By Melissa Camacho,
Common Sense Media Reviewer
Common Sense Media Reviewers
Haiti relief docu has cursing, smoking, disturbing images.
A Lot or a Little?
What you will—and won't—find in this TV show.
The larger message is about how everyone, no matter who they are, can make a big difference when it comes to helping others and finding solutions to disastrous situations.
Positive Role Models
Sean Penn isn’t perfect, and he sometimes comes across as arrogant, but he is motivated by wanting to make a difference in the world. The work that he and his organization did, and continue to do, in Haiti and around the world is positive and life-saving.
Violence & Scariness
Archived security camera images of buildings coming down (sometimes on people) during the earthquake, as well as people begging for help from the ruins. Adults and children with major, bloody injuries, crying and screaming in pain, and corpses are also visible in this footage. Brief images of a young Sean Penn getting into fights with paparazzi. Quick references to pedophiles.
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Expect to hear curses like "s--t" and "f--k."
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Products & Purchases
Labels and brands of donated goods are sometimes visible. Scenes from Penn’s films are briefly shown. It's a promotional vehicle for Penn's organization CORE (Community Organized Relief Effort).
Drinking, Drugs & Smoking
Penn is shown constantly smoking cigarettes. Jokes are made about Hollywood drug use, but much of the discussion is about getting morphine and other medications to Haiti. Drunken behavior is briefly discussed.
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Parents Need to Know
Parents need to know that Citizen Penn is a documentary about actor and activist Sean Penn and a small group of volunteers who go to Haiti and provided long-term disaster relief aid to Haitians after a massive earthquake. The overall message is positive (great examples of teamwork and compassion) and shows how they provided help to people on the ground. It does also feature archive footage of buildings falling, and people who were trapped, injured, or dead, and horrific stories of suffering that will be difficult for sensitive viewers to watch. There’s also lots of cursing (expect "s--t" and "f--k"), some references to drinking, and Penn is a chain smoker. Scenes from Penn’s films and other activities are briefly shown.
Where to Watch
Videos and Photos
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What's the Story?
CITIZEN PENN is a documentary that chronicles the life-saving relief work that actor and activist Sean Penn did on the ground in Haiti after it was devastated by a natural disaster. On January 12, 2010, a 7.0 earthquake struck the Western Hemisphere’s poorest country, killing 230,000 people, injuring at least another 300,000, and destroying 90% of capital Port au Prince’s general infrastructure. Penn quickly created the J/P Haitian Relief Organization, and he, along with a team of volunteers, set up a long-term base in the country to bring in and coordinate aid and relief to Haitians. Ten years later, Penn's organization has evolved into the global disaster relief organization CORE (Community Organized Relief Effort), which assists communities around the world, including the United States, with relief assistance and redevelopment support.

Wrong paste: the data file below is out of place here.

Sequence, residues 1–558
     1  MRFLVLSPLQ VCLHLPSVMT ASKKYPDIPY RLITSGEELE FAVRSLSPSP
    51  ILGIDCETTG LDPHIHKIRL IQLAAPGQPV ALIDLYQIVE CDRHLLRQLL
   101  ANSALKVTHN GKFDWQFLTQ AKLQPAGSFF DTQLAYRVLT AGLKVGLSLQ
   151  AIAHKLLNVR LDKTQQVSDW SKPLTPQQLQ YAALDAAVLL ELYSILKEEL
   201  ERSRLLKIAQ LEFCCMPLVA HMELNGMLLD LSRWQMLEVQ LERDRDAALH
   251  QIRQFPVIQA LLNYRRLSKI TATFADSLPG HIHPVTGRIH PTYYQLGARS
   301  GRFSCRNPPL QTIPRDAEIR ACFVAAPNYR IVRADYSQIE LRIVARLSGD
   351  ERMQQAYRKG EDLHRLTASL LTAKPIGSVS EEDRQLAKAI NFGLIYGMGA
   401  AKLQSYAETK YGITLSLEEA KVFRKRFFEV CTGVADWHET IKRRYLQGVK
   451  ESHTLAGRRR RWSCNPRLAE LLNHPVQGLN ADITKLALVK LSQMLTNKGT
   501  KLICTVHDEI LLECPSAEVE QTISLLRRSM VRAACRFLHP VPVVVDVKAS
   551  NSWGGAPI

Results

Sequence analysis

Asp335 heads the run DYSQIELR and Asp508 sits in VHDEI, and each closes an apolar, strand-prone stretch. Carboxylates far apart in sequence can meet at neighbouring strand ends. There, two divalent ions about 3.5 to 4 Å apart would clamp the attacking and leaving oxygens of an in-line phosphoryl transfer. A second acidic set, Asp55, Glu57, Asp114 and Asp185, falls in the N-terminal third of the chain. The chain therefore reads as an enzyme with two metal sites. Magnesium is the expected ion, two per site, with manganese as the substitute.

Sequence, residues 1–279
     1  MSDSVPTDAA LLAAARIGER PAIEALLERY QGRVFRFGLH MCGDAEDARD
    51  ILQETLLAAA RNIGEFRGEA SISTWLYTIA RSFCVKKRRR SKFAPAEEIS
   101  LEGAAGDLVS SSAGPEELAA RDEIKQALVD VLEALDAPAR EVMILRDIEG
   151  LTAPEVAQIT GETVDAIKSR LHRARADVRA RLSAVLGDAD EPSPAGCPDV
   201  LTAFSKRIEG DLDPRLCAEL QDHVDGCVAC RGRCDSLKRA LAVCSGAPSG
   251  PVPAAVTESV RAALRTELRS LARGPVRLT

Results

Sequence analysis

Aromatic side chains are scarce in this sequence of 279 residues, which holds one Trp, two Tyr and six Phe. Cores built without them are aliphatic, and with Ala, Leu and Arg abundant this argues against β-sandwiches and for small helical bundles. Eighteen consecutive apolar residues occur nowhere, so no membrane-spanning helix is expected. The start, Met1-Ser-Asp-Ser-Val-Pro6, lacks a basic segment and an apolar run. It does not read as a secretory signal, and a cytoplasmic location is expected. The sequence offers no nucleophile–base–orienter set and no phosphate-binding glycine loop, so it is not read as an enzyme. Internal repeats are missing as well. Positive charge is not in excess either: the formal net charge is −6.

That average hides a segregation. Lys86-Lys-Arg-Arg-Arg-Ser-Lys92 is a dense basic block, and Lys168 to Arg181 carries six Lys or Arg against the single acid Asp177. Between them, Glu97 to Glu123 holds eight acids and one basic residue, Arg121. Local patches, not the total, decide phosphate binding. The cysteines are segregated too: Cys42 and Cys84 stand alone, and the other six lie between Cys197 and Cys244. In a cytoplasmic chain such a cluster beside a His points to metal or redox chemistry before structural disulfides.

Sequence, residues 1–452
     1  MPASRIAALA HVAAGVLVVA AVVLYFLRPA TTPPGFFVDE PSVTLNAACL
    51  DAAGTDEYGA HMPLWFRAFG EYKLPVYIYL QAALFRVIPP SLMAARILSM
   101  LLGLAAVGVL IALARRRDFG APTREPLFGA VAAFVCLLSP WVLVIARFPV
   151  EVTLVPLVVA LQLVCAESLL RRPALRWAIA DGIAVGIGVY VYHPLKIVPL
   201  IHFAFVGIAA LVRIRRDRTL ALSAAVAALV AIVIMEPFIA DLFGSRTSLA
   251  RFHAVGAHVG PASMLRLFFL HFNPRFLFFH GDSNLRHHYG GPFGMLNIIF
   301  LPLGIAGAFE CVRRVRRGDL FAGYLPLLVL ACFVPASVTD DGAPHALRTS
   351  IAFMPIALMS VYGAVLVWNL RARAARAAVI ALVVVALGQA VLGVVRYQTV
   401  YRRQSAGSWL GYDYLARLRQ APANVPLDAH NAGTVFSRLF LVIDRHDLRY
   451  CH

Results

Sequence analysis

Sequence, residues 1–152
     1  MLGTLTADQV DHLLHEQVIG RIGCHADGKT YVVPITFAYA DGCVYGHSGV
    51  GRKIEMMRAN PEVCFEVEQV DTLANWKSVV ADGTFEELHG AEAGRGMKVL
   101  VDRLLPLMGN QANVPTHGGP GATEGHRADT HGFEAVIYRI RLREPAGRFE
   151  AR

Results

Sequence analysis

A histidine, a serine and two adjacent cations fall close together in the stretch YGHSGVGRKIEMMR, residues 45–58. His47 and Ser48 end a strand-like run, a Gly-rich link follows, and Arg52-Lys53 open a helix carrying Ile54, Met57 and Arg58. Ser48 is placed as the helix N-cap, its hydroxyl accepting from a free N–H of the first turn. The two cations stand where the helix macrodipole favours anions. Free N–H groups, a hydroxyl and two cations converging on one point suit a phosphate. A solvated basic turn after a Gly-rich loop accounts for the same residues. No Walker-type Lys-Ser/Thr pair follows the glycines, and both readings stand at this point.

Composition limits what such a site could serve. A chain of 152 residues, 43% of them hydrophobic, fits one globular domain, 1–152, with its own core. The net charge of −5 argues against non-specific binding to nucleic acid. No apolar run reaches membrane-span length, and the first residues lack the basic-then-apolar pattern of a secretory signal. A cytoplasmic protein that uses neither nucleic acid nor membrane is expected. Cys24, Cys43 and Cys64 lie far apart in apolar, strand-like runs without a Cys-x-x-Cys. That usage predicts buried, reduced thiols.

Is It Any Good?
Though the documentary can feel self-aggrandizing and an attempt to shift negative perceptions of Penn's personal style of activism, his dedication to helping Haiti is obviously not a publicity stunt. Much of Citizen Penn's narrative is about how Penn, who had done limited disaster relief work in Louisiana after Hurricane Katrina, was able to coordinate efforts by circumventing government politics and bureaucracy. He reached out directly to individuals and exploited some controversial connections, like the late Venezuelan president Hugo Chávez, to get the medicines, food, supplies, and expertise needed on the ground. It also highlights how he strategically used self-publicity, with the help of journalist Anderson Cooper, to raise funds to keep their efforts going.
The documentary successfully reveals in detail the ways that Penn and his team were able to help so many people, as well as and the continued positive impact the organization’s development projects continue to have in Haiti. It also highlights how, over a decade later, CORE continues to provide both immediate global disaster relief and Stateside support. This not only helps Penn seem a little less arrogant, but also shows viewers how one imperfect person without the answers can work hard to find concrete, positive solutions to what may appear to be insurmountable problems.
Talk to Your Kids About ...
Families can talk about how people respond when they see news footage of other countries, and their citizens, in crisis. What are some of the ways we can immediately help communities when disaster strikes them, even if we don’t have a lot of money or connections to do so? Is there anything we shouldn’t do?
Citizen Penn reveals how Sean Penn didn't want to make his celebrity status central to his work in Haiti, but used media as a way to publicize and get support for their work while they were there. Would a non-celebrity have been able to do the same? Are there other celebrities who strategically use their celebrity status to promote their philanthropy or humanitarian work?
- Premiere date: May 6, 2021
- Cast: Sean Penn
- Network: Discovery+
- Genre: Reality TV
- Topics: Activism, Great Boy Role Models, Great Girl Role Models
- Character Strengths: Compassion, Teamwork
- TV rating: TV-MA
- Last updated: November 12, 2021
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